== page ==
Step Change Required in Government IT Procurement
Conflicting views continue to be expressed on the thorny issue of government IT procurement.
According to Niall Quinn, Technology Procurement Director at the Crown Commercial Service (CCS), the UK government’s Digital Marketplace, created to make government procurement easier, more transparent and accessible to SMEs, has resulted in a “major overhaul of the public sector procurement landscape, harnessing the expertise of innovative companies and giving thousands of SMEs the opportunity to supply to government for the first time.”
It is claimed that 48 per cent of the £3.2bn spent on government digital services now goes to SMEs – see Government Spend on Digital Services Passes £3bn Mark.
Technology SMEs, however, continue to complain about the lack of clarity in Digital Marketplace opportunities claiming that many tenders fail to adequately explain requirements. Written in unclear language, tenders are sometimes incomprehensible except to the incumbent supplier. This creates an unnecessary barrier for SMEs more than capable of undertaking these projects.
A new report, by industry trade body techUK, argues that a further step change in central government and wider public sector procurement is required to deliver the government’s digital transformation and growth commitments. With only 21 per cent of civil servants believing that there is an appetite within their department or organisation to increase the involvement of SMEs in the procurement chain, urgent action is required.
The report, entitled Procuring the Smarter State: key steps to promote innovation and growth in the public sector, argues that the ambitious scale and complexity of the government’s digital transformation agenda means that every opportunity should be taken to learn from the wealth of knowledge and experience held by the UK’s thriving tech sector, including SMEs.
The tech industry can provide government with the tools and experience necessary for managing large-scale transformation projects. To harness this innovation and expertise, however, a step change is required to create more opportunities for SMEs through public sector ICT procurement.
A new policy environment is required which encourages central government departments, and the wider public sector, to invest in long-term strategic relationships with suppliers of all sizes. Procurement has a critical role to play acting as a tool for the UK Government to deliver its ambitious vision for the future of public services, using public sector procurement to help foster innovation in the supplier community.
The report makes three key recommendations:
- Use procurement as a tool to deliver the vision of government transformation
The Digital Marketplace should be expanded by increasing the value of spend going through frameworks and the number of non-Whitehall public sector agenices using the system, especially local authorities. At local level, City CDOs and metro mayors should champion smarter procurement processes for their city or region to deliver more efficient and integrated ICT services. These leaders should work closely with public sector finance and procurement leaders to collaborate with the tech industry, adopting meaningful pre-procurement engagement to understand the breadth of opportunities available.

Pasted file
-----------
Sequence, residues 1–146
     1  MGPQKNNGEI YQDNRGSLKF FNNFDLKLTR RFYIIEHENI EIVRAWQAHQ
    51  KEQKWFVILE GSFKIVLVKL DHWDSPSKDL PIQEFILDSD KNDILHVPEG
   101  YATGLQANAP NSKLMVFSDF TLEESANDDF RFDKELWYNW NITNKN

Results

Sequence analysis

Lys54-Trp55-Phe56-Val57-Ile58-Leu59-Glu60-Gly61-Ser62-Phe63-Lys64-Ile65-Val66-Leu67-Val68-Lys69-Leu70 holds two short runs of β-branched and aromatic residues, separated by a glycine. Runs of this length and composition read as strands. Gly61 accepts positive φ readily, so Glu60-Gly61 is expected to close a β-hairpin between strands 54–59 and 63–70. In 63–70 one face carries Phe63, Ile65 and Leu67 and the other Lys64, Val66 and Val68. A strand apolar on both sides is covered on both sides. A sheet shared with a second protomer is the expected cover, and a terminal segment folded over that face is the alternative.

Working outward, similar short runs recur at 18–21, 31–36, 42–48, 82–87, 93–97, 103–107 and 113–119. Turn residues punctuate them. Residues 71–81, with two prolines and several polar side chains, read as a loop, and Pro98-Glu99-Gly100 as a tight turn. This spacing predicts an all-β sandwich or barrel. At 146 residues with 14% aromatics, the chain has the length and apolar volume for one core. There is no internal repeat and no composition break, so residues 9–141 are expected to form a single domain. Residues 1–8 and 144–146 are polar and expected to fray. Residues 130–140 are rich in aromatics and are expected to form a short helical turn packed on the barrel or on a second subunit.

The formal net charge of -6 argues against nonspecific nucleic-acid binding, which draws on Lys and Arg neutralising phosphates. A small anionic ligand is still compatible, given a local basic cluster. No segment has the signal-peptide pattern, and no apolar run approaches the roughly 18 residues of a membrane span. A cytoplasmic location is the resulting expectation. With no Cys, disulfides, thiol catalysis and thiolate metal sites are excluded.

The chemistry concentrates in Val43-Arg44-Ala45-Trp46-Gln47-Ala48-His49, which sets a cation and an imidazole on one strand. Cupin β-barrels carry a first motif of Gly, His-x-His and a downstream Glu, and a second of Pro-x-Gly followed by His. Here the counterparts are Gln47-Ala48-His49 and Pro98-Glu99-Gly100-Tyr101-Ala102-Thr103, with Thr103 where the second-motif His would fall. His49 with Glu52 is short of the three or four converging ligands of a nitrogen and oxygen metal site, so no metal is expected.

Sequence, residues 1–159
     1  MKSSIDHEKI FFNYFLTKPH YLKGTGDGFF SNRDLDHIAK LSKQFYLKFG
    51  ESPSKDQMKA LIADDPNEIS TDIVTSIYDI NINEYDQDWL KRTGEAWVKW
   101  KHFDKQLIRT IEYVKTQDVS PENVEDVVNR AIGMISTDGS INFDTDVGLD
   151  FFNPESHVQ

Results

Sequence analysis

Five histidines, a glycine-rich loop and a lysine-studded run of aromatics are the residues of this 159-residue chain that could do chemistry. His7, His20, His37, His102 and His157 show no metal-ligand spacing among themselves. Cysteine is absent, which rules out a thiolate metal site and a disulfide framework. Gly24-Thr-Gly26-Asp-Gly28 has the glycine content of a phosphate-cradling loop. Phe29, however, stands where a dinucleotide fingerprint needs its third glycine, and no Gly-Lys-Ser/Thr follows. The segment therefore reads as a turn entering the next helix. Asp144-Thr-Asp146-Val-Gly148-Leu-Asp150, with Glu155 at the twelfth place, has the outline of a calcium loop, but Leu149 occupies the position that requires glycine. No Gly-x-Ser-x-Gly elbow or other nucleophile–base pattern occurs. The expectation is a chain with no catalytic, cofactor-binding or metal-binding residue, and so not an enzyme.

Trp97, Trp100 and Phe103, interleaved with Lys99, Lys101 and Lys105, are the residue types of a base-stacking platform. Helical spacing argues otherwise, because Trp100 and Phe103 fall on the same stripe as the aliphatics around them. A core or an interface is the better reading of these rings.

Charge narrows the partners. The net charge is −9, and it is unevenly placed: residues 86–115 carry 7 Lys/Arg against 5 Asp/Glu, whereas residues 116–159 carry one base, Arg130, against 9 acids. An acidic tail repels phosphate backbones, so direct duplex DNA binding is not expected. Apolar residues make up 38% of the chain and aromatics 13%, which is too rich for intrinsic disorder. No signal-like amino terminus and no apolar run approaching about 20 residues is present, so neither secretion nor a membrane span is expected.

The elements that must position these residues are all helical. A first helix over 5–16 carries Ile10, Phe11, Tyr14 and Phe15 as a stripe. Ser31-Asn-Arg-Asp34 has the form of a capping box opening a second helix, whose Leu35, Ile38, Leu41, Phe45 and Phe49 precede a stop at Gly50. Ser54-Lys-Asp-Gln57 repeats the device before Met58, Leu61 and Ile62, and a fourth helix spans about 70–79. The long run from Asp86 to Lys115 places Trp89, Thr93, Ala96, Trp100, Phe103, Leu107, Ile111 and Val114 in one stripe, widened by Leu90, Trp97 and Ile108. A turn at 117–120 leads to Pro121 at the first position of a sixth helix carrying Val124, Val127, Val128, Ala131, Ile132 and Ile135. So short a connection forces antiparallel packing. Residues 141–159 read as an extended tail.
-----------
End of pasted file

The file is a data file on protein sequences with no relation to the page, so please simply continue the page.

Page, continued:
- Take advantage of the opportunities offered by the UK GovTech market
One minister in every department should be given responsibility for driving the consistent implementation of the government’s digital strategy. A key area of focus for these ministers should be the commitment to significantly increase SME involvement in the procurement process. Where common standards are introduced on ICT procurement, CCS should provide civil servants with clear guidance on what is expected, providing training when necessary. A forum should be established to encourage better engagement between the technology sector and government aimed at tackling unintended barriers inhibiting collaboration.
- Take a strategic and innovative approach to market engagement:
Central government departments should take a broader, transparent and strategic approach to communicating with the tech sector on planned procurement activity. This should include adopting a more proactive approach to engaging with prospective suppliers, publishing pipelines and emerging opportunities well in advance of procurement decisions. The Cabinet Office should work in partnership with techUK to communicate to central government departments and agencies the benefits of working with SMEs.
Commenting on the claim that a growing proportion of government IT spend is going to SMEs, the report points out that this includes indirect as well as direct spend. Government understanding of the former “remains incomplete”. Being reliant on third-party data, there is no way of verifying the accuracy of the figures. Suppliers may have “different approaches to collecting and validating data and identifying SMEs, leading to inconsistent measurements.”
The full report can be accessed here - Procuring the Smarter State: key steps to promote innovation and growth in the public sector.